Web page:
He was known by many, for his life had affected so many through the different paths he took. So it was no surprise that after Father Neil passed away on July 7, that St. Mary’s Church in Riverside was filled to capacity for his funeral.

Father Neil Van Dyke held many titles during his life, but all were of service to others. A plumber by trade, he brought that skill to the Peace Corps, where he met Mary Lee, a nurse, who was to become his wife and mother to their four children.

The couple settled in Riverside, and Neil became a member of the fire department and later director of public works for the village. Water seemed to be a part of his life throughout his career, but then (as I told him) he entered the world of Holy Water when he became a deacon of the Catholic Church on April 25, 1987.

Following the death of Mary Lee, he took another step and entered the priesthood and was ordained on May 23, 1998. His time spent at Mundelein, where he trained for the priesthood, found him to almost have a “fatherly” role, as he was the oldest in his class to be ordained. His ordination at Holy Name Cathedral captured the attention of the media.

Father Neil served as associate pastor of St. Bede the Venerable and at St. Barbara’s in Brookfield before being named pastor of St. Pius X Parish in Stickney. He retired in 2010. Of course he never really retired, he “transitioned” with his ministry and could be seen saying 7 a.m. Mass at St. Mary’s many Sundays. His homilies and presence were something special with his humor, smile and humility, a gift to all.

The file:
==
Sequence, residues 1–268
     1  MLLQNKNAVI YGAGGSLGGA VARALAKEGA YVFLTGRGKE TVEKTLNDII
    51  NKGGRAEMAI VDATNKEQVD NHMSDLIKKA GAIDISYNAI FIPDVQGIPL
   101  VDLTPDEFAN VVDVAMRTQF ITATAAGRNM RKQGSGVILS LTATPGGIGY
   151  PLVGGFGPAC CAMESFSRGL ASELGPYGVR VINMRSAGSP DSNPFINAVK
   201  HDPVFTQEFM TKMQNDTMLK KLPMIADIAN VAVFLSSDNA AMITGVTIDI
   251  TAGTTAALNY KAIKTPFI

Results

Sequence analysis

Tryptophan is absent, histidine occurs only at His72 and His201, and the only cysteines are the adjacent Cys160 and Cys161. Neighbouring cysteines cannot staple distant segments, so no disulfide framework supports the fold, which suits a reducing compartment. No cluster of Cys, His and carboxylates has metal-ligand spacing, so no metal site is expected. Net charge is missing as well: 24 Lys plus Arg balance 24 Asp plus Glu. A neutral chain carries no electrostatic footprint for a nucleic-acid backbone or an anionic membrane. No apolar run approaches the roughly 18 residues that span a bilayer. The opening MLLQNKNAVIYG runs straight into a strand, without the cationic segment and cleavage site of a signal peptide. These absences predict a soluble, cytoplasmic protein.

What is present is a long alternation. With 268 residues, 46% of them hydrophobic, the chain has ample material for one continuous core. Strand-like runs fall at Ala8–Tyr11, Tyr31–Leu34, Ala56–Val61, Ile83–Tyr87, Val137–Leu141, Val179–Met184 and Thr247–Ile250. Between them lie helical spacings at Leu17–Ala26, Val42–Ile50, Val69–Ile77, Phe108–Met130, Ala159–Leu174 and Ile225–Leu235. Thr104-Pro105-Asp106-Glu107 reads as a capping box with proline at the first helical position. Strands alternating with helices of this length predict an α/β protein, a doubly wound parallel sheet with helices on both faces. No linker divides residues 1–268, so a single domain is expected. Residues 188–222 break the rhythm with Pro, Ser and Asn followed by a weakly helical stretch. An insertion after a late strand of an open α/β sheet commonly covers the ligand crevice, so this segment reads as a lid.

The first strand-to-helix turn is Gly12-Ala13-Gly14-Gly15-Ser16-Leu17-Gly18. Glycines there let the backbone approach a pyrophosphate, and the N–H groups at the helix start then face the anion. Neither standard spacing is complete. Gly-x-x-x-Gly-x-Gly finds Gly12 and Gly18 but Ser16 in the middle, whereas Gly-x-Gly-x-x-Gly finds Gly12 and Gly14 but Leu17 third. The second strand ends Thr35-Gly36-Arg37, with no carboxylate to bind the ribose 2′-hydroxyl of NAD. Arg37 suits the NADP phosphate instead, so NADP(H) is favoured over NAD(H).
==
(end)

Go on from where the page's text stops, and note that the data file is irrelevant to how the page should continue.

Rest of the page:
Tributes to Neil came in many forms at his funeral. Members of the the Riverside Fire Department, in full dress, one by one saluted him as they passed his coffin. Bishop Goedert of the Archdiocese of Chicago read a letter from the Cardinal. He was memorialized and remembered by the large number of priests in attendance.

All who gathered could share stories of Neil from the many phases of his life. Who can forget when, as a father, he walked his daughter, Kathleen, down the aisle to marry David Deitz.

Then Neil walked up to the altar, where he was met by a priest who would help him on with his own vestments, so he could officiate at his daughter’s wedding. Don’t we usually wait for the bride to get dressed?

He served well, and we were all blessed to have known him, no matter in what capacity. He now joins Mary Lee and to us he leaves his kids, Trey (Jeanne), Meg, Kathleen (David) and Keith; his granddaughter, Paige; a remembrance of a life well lived.

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